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Researchers study corn root growth under nitrogen-poor conditions
University of Nebraska–Lincoln researchers are studying how corn roots adapt to insufficient nitrogen, with an eye toward making genetic tweaks that might increase, or at least maintain, plant growth and yields without excessive application of fertilizer.
The growth and development of corn largely depends on its nutrient uptake through the roots, so studying their growth, response and associated metabolic reprogramming to stress conditions is becoming an important research focus, said Rajib Saha, assistant professor of chemical and biomolecular engineering, whose research is being conducted in collaboration with teams from Penn State and Institut National de Recherche pour l’Agriculure, l’Alimentation et l’Envionnement.
Nitrogen fertilizer has a significant impact on the climate, but limiting its use can compromise crop yields, Saha said.
“One of the critical aspects of growing any agricultural product is how much of the required micronutrients it can get from the soil,” he said. “The idea is to understand what happens when any plant needs to grow with nitrogen deficiency or stress. What kind of changes does the plant go through? If we can understand that better, can we now do some tweaking so that plants can survive or even thrive with taking lesser amounts of nitrogen?”
Saha’s team created a genome-scale metabolic model for the corn root to study its nitrogen-use efficiency under nitrogen stress conditions.
“If there’s insufficient nitrogen, we would intuitively expect that the root should go deeper to scavenge for more nitrogen,” said Niaz Bahar Chowdhury, a graduate student and lead author of a new paper about the research in the Journal of Experimental Botany, which is also highlighted in an Insight article published in the same journal.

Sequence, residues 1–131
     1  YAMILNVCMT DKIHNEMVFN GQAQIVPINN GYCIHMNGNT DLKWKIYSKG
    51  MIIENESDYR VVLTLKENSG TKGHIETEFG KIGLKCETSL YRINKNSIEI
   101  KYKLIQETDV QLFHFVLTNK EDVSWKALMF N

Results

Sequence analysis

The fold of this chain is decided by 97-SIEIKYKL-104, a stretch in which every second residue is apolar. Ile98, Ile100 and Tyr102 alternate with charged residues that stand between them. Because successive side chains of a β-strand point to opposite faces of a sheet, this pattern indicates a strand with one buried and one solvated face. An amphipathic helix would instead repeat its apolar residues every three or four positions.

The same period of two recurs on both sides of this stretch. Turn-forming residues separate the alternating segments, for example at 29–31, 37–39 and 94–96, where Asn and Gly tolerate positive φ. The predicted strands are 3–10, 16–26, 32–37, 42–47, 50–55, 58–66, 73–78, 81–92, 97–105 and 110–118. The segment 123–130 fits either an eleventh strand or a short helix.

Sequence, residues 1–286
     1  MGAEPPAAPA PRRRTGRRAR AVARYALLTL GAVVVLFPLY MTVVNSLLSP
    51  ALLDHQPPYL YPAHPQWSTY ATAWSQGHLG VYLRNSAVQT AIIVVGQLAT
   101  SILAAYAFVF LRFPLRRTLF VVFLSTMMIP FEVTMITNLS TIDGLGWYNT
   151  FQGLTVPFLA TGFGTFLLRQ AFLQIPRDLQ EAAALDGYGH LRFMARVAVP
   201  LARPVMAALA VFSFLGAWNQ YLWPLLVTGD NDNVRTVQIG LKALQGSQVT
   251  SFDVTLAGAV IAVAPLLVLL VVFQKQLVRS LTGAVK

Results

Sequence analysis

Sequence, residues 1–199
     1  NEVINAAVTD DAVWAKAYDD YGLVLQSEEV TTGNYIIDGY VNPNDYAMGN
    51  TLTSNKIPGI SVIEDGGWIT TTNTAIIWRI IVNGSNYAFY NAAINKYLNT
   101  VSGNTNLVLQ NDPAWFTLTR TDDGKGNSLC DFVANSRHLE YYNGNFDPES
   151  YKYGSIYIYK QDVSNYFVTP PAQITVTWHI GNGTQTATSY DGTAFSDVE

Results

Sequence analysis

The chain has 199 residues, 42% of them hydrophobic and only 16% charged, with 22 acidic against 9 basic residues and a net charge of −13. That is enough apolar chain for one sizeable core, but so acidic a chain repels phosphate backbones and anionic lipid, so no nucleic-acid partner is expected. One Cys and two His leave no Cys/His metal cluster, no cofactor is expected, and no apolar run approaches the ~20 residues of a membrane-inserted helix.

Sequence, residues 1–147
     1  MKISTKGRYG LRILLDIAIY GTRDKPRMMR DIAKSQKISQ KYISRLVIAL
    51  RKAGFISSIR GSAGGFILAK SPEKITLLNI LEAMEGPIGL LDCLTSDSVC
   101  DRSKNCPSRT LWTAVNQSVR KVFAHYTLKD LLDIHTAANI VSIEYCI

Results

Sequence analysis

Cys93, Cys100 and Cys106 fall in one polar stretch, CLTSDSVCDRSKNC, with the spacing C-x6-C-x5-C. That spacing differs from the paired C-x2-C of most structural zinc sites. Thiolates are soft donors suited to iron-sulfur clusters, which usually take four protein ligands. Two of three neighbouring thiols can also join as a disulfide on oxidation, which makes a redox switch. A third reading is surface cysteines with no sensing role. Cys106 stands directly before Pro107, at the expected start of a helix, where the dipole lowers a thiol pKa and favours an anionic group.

Indeed, that’s what the model showed — longer, more robust root biomass as the plant sought the nitrogen it needed. That’s a different reaction than other parts of the plant, which tend to languish when they don’t get enough nutrients.
“When as a plant you are spending so much resource to grow roots, it comes at the expense of the rest of the plant,” Saha said. “At the end of the day, you are resource limited. The plant might survive but could sacrifice productivity.
“What’s the sweet spot? How could we make sure it could grow its root in such a way that it still does have enough energy to grow shoots and the yield is not hurt?”
The reconstruction and simulation of the entire metabolic network encoded in a species, as Saha’s team has done, are dubbed “genome-scale” because researchers try to include all the enzymes within the sequenced genome of the species. In this case, reconstruction of the network via computer model allowed the team to examine the systematic impact of the nitrogen-limiting growth regime on the root tissue.
The Nebraska researchers highlighted eight lipids and two metabolites that they believe play a role in the increased root growth that occurs under nitrogen-poor conditions.
This corn root network builds on work Saha did as a graduate student at Penn State, where he built a similar model, but of corn leaf. The next step will be building a model for the entire corn plant — root, shoot, leaf and seed — to get a broader sense of how corn plants might adapt to nitrogen deficiency.
He believes researchers might be able to adjust gene expression and metabolic levels to further gauge the plants’ reaction and improve their growth under nutrient-stressed conditions. Ultimately, the findings will complement some of the ongoing research led by NSF and Nebraska EPSCoR-funded Center for Root Rhizobiome Innovation researchers and can be tested in actual field plots.
The corn root modeling also could help scientists study the effect of other stressors such as phosphate deficiency, salinity, heat stress, drought, heavy metal stresses, rot disease and more.
The research is funded by a National Science Foundation CAREER grant; an NSF Established Program to Stimulate Competitive Research grant that supports the Center for Root and Rhizobiome Innovation, awarded to Saha; and the Center for Bioenergy Innovation, a U.S. Department of Energy Research Center supported by the Office of Biological and Environmental Research in the DOE Office of Science in which one of the collaborators, Penn State’s Costas Maranas, is involved.